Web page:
Britain’s looming departure from the European Union has led to a significant increase in the number of migrants attempting to enter Britain on dangerous small boats Border Force officials have warned.
The general secretary of the Immigration Service Union, Lucy Moreton, said that attempted small boat crossings into the UK have “massively” increased over recent weeks as Britain’s 31st January departure date from the European Union draws nearer.
It is believed that people smugglers have capitalised on the Brexit process by suggesting to migrants that there will be some kind of permanent closure of British borders after Brexit. This has led to a large increase in those willing to make life-threatening journeys across the Channel, in the hope of reaching British shores before Britain’s departure from the EU.
Just on New Year’s Eve, 43 adults were rescued from small boats before being taken to Dover.
…attempted small boat crossings into the UK have “massively” increased over recent weeks as Britain’s 31st January departure date from the European Union draws nearer
The Christmas season is invariably a time when there is an increase in clandestine migration. Still, Ms Moreton stated that she has never seen such a dramatic increase in small boat crossings.
“The numbers have increased massively in the last couple of weeks. We do normally see an increase in clandestine migration over Christmas – that’s been a pattern for decades. But this is the first time that we’ve seen this quite so dramatically in small boats”.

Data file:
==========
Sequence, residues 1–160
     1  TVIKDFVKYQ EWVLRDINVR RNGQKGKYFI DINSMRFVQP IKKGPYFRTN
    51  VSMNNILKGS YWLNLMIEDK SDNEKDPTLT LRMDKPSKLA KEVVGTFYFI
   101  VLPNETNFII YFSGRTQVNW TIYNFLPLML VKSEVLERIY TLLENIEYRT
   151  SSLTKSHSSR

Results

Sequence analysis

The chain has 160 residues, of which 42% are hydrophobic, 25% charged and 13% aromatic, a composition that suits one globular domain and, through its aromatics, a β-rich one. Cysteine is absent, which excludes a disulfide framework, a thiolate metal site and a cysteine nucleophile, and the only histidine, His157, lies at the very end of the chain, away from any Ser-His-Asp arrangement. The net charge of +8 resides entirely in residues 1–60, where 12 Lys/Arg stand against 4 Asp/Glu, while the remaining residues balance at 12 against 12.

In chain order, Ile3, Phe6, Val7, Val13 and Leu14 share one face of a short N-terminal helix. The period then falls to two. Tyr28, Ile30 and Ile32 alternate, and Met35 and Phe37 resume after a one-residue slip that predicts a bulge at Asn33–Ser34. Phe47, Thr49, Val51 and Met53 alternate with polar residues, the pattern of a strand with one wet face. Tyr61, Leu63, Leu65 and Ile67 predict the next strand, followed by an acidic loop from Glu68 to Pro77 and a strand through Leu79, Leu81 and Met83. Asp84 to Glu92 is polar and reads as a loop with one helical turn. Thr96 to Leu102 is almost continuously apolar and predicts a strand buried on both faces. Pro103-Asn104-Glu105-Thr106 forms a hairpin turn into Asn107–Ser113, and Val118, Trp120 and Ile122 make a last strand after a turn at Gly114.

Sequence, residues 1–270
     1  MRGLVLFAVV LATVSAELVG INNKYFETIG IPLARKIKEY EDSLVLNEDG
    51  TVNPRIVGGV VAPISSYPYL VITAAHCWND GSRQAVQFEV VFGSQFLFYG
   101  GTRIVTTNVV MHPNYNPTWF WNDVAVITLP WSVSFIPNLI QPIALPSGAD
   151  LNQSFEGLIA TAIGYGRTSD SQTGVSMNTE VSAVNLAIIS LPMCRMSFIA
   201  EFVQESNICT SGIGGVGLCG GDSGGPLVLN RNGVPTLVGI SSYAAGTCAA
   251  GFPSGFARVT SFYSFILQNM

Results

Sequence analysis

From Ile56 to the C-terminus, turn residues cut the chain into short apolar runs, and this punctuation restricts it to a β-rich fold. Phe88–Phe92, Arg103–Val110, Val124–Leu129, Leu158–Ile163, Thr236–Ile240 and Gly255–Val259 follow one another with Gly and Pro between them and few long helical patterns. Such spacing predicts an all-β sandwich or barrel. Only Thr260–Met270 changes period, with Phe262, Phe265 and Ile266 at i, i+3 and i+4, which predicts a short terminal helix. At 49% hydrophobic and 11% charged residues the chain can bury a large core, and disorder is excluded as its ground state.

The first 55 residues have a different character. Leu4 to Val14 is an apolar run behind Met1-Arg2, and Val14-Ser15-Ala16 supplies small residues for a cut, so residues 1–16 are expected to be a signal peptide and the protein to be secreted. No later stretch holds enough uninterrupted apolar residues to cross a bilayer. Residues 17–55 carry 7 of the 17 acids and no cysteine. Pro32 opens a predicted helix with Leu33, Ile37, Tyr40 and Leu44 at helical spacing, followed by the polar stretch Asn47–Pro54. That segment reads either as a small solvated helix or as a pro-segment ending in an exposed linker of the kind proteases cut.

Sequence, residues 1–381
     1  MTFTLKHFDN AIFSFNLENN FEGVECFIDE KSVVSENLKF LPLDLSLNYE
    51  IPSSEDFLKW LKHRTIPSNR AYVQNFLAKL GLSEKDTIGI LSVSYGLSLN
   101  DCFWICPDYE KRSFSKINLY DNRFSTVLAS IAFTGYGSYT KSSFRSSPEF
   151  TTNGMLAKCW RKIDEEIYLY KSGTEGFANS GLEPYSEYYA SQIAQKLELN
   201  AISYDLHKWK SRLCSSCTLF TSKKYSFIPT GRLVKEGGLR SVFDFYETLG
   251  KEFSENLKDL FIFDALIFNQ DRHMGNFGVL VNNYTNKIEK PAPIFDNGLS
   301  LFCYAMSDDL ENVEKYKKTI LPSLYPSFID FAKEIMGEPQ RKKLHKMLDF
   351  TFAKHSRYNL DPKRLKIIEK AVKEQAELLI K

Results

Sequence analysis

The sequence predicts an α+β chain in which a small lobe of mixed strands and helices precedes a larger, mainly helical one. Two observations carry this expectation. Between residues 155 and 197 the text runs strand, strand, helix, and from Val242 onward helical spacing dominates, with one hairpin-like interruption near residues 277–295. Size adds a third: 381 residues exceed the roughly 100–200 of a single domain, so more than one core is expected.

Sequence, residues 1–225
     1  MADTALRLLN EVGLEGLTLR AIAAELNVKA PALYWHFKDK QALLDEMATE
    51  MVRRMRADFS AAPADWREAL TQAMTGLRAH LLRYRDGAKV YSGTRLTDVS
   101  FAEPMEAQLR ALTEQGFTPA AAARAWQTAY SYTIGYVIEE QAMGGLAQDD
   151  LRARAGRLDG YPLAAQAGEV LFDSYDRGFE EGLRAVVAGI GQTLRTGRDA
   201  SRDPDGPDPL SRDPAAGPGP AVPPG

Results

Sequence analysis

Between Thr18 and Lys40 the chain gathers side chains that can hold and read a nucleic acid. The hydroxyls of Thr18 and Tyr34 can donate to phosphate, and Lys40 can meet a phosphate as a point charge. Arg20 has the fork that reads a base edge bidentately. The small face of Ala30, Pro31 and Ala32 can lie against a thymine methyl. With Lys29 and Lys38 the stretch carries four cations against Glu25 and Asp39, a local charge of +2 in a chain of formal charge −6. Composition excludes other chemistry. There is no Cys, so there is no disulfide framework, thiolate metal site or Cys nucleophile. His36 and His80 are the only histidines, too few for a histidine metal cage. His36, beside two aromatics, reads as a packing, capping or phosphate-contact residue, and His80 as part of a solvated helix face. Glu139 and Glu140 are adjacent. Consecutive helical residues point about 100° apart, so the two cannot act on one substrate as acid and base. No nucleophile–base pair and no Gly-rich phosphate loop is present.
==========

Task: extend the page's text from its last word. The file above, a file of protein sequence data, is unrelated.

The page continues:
A risky journey many are willing to take
There is a general perception that sea crossings are the optimal route into the UK, a perception that has been amplified by increased media coverage around the issue. In spite of the risks, more and more migrants are willing to take the journey and, increasingly, without the assistance of criminal people smugglers.
Ms Moreton said:
“As it becomes more and more successful it’s more reported in the media, we’re now starting to see people that we think are trying to do this on their own. There’s the gentleman in flippers, two in a kayak, that type of thing.”
In January of 2019, the UK increased security along the French coast at a cost of £6m. Whilst this has led to an increase in the numbers of migrants intercepted by French authorities, the number of those who have managed to get through to the UK has risen sharply.
It is believed that people smugglers have capitalised on the Brexit process
It is estimated that nearly 1,900 migrants attempted the English Channel sea crossing in 2019, a figure which is six times larger than in 2018.
As Britain prepares for its withdrawal from the European Union, it seems likely that the number of migrants willing to take the dangerous journey across the Channel will only intensify.
What does the future hold?
Boris Johnson, emboldened by an extremely healthy Conservative majority, has vowed to impose stricter controls on immigration, including the introduction of an Australian-style immigration points system, and tighter restrictions on low-skilled workers.
Whether Johnson’s commitment to more stringent immigration controls will have any effect on the willingness of migrants to make these perilous journeys on small boats after Brexit remains to be seen.
Many migrants believe that hazardous journeys across the Channel are their best chance of reaching the UK and, potentially, receiving a form of immigration status.
The unfortunate truth is that those fleeing persecution and violence are likely to keep embarking on these journeys, despite the risks.